Consultation with community groups

12.19 Consultation with non-government organisations (NGOs) on treaty matters takes place in a variety of fora. The Department of Foreign Affairs and Trade holds meetings called NGO Briefings with selected non-government organisations.

12.20 Occasionally, members of non-government organisations are included on delegations to international negotiating meetings on the text of treaties.[13] For example, the Committee heard evidence from a Greenpeace representative that he had participated in an Australian Government delegation to renegotiate the international tropical timbers agreement and had been an observer to the negotiations on the UN Convention on Biological Diversity.[14]

12.21 On the one hand, the Committee received evidence that non-government organisations are consulted in relation to treaties. However, the Committee also received evidence that the choice of which groups are consulted on which treaties is a somewhat arbitrary process and could be improved.[15]

12.22 The Joint Committee on Foreign Affairs, Defence and Trade's report, A Review of Australia's Efforts to Promote and Protect Human Rights, called for resources to be allocated for more effective community consultation and education.[16]

12.23 The forum for consultation has also been the subject of debate. Mr Rodney Croome, of the Tasmanian Gay and Lesbian Rights Group, has observed that community consultation will not be achieved merely through more consultation with Parliament. He recommended the establishment of an independent Treaties Commission to facilitate consultation with the community.[17] Mr Soutter, from the Business Council of Australia, also argued that consultation should go beyond the Parliament, beyond the States and into the wider community.[18]

The need to improve the availability of information about treaties

12.24 There appears to be some evidence that the Commonwealth has done much more in recent years in consulting relevant non-government organisations and industry groups.[19] Concern, however, remains about the lack of transparency in the treaty process from the viewpoint of community groups and individuals.[20]

12.25 Members of the public who appeared before the Committee and made submissions to the Committee complained about the lack of accessibility of information about treaties.[21] They were particularly concerned about the absence of material in public libraries and the media. Mr Darbishire, who is President of the Brighton Branch of Grey Power S.A., complained that the journal Insight[22] is not available in local libraries, and that he was unable to obtain a copy of it.[23] Mr Craig also requested that Insight be made available in public libraries.[24]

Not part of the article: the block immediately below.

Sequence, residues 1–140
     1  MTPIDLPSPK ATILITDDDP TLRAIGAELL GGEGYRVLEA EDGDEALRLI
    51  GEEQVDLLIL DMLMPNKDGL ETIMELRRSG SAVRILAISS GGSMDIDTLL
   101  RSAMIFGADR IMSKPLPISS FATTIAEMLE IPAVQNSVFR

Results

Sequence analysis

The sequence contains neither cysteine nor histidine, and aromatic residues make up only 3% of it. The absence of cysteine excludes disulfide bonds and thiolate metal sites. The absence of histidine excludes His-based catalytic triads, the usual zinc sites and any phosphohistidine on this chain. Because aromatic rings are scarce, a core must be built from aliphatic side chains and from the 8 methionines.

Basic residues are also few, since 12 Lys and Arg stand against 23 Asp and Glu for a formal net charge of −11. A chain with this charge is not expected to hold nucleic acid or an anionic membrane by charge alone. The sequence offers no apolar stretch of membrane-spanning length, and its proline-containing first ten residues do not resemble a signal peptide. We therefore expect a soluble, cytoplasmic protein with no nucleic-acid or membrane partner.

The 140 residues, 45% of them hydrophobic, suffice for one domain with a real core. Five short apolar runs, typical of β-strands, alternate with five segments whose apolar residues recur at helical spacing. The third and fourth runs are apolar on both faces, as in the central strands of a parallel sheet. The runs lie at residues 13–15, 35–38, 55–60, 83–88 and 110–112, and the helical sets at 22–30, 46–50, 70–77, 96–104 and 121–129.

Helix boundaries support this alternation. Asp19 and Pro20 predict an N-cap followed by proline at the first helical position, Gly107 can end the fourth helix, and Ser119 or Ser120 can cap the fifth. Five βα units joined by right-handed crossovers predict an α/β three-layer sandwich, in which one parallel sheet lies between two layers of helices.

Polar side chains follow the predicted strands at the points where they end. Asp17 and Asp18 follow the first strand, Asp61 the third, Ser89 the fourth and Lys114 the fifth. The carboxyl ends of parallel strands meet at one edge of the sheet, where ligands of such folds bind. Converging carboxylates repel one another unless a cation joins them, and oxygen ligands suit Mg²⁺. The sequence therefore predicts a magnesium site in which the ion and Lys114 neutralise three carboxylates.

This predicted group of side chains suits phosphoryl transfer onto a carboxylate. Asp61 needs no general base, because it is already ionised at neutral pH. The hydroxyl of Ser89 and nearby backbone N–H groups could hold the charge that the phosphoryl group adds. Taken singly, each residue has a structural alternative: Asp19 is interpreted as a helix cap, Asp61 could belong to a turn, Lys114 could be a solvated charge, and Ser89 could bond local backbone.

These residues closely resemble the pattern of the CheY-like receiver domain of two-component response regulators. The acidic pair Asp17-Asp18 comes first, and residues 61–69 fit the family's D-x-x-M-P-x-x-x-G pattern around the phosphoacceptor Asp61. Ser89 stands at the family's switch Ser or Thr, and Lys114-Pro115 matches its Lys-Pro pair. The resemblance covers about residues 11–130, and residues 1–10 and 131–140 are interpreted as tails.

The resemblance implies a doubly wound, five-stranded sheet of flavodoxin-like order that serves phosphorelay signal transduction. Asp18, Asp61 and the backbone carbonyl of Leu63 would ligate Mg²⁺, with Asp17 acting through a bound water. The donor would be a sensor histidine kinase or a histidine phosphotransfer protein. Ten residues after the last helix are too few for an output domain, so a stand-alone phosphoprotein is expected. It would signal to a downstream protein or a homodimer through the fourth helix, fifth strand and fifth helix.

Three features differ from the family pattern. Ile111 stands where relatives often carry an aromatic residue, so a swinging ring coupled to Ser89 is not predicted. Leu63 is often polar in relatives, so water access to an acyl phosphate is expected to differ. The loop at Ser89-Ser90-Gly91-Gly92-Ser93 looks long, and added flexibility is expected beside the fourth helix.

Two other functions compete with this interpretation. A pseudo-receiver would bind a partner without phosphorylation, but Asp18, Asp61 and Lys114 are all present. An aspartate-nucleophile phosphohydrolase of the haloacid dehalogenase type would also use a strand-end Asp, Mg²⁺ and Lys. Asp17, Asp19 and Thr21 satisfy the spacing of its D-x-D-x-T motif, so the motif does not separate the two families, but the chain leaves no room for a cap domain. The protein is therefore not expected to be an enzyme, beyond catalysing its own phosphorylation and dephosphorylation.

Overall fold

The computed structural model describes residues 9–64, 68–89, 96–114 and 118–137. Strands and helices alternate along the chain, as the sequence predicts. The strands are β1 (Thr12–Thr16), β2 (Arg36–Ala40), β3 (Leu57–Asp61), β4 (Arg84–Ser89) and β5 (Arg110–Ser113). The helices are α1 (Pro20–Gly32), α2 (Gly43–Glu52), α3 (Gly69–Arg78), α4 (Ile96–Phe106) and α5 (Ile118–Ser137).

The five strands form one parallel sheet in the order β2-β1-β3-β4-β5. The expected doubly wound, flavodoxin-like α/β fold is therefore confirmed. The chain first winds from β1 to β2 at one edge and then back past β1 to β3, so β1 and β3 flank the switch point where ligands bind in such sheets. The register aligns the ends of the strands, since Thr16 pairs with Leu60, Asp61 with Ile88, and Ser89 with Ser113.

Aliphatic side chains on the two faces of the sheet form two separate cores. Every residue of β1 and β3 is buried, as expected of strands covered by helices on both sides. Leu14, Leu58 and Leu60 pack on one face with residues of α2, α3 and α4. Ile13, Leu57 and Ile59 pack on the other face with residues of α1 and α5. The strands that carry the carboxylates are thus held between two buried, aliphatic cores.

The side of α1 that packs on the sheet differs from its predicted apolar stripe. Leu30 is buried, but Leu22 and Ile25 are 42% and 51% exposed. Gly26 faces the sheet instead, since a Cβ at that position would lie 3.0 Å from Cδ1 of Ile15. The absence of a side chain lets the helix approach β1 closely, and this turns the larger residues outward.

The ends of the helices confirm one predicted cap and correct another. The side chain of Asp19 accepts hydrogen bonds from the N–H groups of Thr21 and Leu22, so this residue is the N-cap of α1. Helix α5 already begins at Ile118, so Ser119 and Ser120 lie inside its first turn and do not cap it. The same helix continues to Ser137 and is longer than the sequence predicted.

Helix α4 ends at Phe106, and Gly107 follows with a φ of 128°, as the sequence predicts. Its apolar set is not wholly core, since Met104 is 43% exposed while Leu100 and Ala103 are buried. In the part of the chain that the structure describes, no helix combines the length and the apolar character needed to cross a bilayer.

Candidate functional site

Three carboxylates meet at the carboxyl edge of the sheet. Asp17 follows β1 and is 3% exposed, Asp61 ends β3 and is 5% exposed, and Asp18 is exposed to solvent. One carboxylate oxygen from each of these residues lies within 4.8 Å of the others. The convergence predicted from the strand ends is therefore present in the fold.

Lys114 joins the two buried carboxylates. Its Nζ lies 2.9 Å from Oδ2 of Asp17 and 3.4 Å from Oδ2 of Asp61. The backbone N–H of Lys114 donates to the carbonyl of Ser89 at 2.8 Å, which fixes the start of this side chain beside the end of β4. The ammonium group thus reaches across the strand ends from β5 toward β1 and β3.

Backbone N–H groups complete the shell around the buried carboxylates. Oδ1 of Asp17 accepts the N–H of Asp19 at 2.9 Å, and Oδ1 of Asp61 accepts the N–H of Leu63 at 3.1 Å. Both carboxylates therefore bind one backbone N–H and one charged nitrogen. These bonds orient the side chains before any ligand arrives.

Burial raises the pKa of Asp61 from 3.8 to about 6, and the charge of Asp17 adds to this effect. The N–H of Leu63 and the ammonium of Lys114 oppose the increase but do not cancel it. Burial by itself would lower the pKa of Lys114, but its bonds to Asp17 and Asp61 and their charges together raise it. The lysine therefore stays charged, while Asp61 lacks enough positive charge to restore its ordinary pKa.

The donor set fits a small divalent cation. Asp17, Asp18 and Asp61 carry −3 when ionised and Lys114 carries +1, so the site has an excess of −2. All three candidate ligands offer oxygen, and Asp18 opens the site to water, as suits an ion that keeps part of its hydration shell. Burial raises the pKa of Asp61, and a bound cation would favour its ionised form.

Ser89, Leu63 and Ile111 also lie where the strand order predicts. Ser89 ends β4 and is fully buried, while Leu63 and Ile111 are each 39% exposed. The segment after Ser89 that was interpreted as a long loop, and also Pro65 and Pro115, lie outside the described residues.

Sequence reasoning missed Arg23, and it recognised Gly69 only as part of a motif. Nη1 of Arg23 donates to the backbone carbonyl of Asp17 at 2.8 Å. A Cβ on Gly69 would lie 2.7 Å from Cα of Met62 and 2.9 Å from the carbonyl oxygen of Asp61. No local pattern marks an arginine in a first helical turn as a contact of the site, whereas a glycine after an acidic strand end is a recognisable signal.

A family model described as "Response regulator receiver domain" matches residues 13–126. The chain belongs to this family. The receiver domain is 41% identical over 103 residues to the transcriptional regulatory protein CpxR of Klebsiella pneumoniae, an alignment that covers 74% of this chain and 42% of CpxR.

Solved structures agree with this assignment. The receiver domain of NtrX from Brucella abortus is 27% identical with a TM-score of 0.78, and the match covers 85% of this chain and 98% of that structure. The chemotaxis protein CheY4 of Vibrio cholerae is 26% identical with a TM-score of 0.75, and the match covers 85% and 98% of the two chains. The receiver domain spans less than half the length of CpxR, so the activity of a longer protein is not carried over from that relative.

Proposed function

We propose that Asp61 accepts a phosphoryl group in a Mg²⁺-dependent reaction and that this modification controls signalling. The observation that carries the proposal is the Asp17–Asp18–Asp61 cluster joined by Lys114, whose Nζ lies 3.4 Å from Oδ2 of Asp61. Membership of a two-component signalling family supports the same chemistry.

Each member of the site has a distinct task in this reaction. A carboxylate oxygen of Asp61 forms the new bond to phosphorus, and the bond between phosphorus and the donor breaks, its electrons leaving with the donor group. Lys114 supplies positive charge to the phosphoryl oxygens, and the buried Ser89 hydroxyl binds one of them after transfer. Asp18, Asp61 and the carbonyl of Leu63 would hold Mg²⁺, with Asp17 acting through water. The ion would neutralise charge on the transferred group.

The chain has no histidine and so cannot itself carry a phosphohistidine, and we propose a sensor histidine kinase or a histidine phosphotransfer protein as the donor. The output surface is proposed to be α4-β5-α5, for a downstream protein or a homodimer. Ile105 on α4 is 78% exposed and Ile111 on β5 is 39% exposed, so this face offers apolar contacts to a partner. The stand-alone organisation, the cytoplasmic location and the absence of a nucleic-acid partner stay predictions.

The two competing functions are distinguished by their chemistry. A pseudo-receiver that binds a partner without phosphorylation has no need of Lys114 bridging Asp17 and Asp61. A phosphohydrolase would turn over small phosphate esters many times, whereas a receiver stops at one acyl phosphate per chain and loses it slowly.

12.26 Mr Gierke requested the publication of decisions and opinions of international committees and tribunals which are now relevant to Australia.[25] He noted that although people are presumed to know the law, it is not possible to know about treaty obligations if the material is not as accessible as statutes and case law.[26]

12.27 Mr Hannaford complained that publicity about treaties is not reaching the general public. He stated in evidence before the Committee that:

12.28 Dr Gerry Bates also argued that it is imperative that information on treaties reach the community, noting:

12.29 The United Nations Association called on the Government to increase its efforts to educate Australians about the United Nations. Mr Purnell, the National Administrator of the United Nations Association, submitted:

12.30 The Public Interest Advocacy Centre thought the lack of transparency was evidence of a 'democratic deficit'. The Centre submitted:

12.31 The Centre proposed that communication to the public about treaties could be improved by :

12.32 Even lawyers find it difficult to obtain access to treaties in order to advise their clients. Mr David Bennett QC noted that they are not accessible in the same manner as legislation or Hansard, and that the time and effort taken to find them adds to the costs of legal advice and litigation. He suggested that treaties should all be put on a database similar to the SCALE database currently run by the Attorney-General's Department.[32]

12.33 The Australian Law Reform Commission has also expressed concern about the lack of transparency in the treaty making process, and the lack of publicly accessible information on treaties. Mr Alan Rose, President of the Commission, suggested to the Committee that the proposed joint parliamentary treaties committee have access to, or develop, a database of all treaties, both multilateral and bilateral, to which Australia is a party, which should also contain full documentation of treaties currently under negotiation.[33]